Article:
Sunday, September 18, 2011


First off I want to thank Grits Gries and his smaller but getting bigger sidekick Ursa Fanghorn for providing the above interpretation of the new Justice League cover.


Comics, like all art and music, is an ongoing discussion of the form. There are comics that move the conversation forward, comics that hold it in place, and comics that pull it backwards. I would put this, Justice League number 1, in the latter category. A comic that pushes you and the medium in reverse. The cover alone, too ugly to place at the top of this post, gives no message of a bright new era in the DC universe. This is the song of stagnation. Justice League, the flagship book for the revolution, got the most hype for it's costume redesigns which seem to center around higher collars. Yes, higher collars. Jim Lee, out on the golf course, saw a young man wearing a polo shirt with the collar up and thought to himself; "That. That right there. That's 2011. I can already taste the new readers."

The biggest reason I can think of for DC comics to reboot it's whole line is the need for stories that easily translate to movies. They want simple tales of heroes meeting heroes. Powerful beings, not yet friends, beating the shit out of each other, questioning one another's loyalty to the cause and eventually staring up at the moon from a romantic rooftop, shoulder to shoulder, united in the face of some great evil. Hollywood can't mine the ancient and wacky stock of DC's infancy for solid origin stories because they would unearth Batman meeting Krypto the Superdog and today's blood thirsty movie going audience just won't buy it. So instead of creating a separate Ultimate Universe like Marvel did to forward a think tank for big screen enterprises, DC threw everything back into the blender and we get,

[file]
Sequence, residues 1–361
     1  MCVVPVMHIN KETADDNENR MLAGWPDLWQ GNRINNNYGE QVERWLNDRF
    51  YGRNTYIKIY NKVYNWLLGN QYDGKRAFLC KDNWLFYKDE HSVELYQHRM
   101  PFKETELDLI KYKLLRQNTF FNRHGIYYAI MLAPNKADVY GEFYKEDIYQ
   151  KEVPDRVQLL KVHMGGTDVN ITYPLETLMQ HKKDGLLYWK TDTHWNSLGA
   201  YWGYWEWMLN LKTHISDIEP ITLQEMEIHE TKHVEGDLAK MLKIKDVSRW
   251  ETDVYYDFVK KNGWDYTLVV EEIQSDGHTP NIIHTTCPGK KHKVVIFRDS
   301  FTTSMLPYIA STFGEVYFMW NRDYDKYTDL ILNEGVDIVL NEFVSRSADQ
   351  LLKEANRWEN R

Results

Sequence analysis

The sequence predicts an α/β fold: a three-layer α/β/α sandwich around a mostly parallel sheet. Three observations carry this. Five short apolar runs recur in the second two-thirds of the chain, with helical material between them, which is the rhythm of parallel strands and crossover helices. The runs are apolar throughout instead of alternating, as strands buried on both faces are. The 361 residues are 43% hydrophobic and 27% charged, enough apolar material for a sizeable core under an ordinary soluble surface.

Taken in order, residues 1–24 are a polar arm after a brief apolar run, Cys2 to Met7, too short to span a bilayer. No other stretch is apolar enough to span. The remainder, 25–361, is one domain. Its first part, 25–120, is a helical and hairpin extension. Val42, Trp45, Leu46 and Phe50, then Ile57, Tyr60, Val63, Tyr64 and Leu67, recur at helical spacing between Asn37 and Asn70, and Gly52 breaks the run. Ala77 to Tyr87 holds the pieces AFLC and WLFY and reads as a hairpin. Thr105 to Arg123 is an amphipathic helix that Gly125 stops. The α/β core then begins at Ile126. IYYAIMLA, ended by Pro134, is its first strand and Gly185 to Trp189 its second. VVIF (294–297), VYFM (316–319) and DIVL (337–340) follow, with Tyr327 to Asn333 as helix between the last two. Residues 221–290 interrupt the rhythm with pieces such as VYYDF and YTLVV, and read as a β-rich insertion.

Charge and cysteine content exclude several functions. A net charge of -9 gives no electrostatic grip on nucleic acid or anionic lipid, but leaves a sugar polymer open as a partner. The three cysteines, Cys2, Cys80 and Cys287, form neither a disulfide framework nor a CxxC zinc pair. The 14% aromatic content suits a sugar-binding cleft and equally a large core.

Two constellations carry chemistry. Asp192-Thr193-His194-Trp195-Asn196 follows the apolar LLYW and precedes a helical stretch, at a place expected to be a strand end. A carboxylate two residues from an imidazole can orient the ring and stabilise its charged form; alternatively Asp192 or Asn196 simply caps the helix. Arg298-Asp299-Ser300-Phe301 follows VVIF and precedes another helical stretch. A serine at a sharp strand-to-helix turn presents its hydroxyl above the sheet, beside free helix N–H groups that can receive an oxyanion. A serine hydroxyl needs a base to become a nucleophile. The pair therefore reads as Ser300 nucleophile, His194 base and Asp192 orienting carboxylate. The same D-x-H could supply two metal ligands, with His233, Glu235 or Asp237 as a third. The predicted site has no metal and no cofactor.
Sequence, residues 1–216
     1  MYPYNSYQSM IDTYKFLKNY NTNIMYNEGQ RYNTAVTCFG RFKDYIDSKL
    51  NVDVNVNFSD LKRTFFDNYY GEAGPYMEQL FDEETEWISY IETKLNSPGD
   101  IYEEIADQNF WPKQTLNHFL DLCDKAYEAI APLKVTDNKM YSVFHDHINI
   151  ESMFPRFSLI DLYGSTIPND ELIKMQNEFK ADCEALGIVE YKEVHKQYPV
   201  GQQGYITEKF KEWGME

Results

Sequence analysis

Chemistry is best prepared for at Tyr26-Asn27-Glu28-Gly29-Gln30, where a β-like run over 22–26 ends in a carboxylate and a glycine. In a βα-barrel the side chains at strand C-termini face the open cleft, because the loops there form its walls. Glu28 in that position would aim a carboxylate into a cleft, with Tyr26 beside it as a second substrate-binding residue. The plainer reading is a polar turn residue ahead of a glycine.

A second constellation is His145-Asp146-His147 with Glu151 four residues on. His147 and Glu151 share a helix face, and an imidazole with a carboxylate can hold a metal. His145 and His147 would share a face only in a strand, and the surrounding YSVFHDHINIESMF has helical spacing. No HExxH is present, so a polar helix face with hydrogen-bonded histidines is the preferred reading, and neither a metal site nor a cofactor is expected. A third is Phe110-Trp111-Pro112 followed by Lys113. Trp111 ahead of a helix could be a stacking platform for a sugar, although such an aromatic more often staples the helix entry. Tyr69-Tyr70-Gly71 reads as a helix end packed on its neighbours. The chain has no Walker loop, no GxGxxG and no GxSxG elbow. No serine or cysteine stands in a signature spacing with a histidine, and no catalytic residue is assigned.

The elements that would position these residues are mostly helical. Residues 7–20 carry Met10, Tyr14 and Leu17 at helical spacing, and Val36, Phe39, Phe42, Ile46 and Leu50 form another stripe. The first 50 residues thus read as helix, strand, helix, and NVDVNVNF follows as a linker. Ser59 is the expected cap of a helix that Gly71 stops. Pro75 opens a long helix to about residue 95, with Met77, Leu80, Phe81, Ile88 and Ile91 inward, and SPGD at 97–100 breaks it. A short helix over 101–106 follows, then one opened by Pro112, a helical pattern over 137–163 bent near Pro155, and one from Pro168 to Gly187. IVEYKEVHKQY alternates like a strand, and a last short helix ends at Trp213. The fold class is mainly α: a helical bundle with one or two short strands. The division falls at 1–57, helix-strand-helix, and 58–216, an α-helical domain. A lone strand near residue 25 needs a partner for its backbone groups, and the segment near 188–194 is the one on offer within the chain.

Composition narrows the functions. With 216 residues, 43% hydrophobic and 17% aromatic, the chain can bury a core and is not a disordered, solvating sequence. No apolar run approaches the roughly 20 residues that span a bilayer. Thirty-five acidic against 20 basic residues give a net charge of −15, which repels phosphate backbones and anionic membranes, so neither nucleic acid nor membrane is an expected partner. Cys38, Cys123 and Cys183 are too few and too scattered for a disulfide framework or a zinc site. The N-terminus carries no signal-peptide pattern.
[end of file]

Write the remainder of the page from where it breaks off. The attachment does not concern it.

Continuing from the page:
Alzheimers. We get narrative Alzheimers. We get DC on track to retrofit every story they ever told. And here I thought computers were making us smarter. But there's no No-Prize in starting from scratch. It's about building bridges from unbelievable situation to unbelievable situation. That's the basis of universe building comics. Back to the comic let's see what happens next to Green Lantern and The Batman,

Ok, fake out, that's not what happens next. That second page is from 2005's All Star Batman. The Frank Miller/Jim Lee atrocity that was so wrong it couldn't even curse-word it's way past the finish line and drowned itself in masochistic bile by issue 10. But it is also an example of another recent Batman meets Green Lantern issue drawn by Jim Lee. The man must wake up thinking he's living in Groundhog day. But I'm psyched that Jim Lee put Jim Lee (as he now runs the DC show) on the new centerpiece title even when the last two projects he has been involved with, All Star Batman and Wildcats, just quit mid or not even mid story. And it's unfair to compare All Star Batman to this new Justice League. Geoff Johns is a finely tuned writing machine with a deep understanding of his characters and he's a world away from the twisted propaganda of Frank Miller. But what both stories have is a new beginning for major characters and a celebrated macho flare. But maybe macho flare is just Batman where ever you find him. And Justice League, instead of having All Star Batman's cast of half naked battered woman, just chose to have no woman at all. Playing it safe. Bringing in new readers?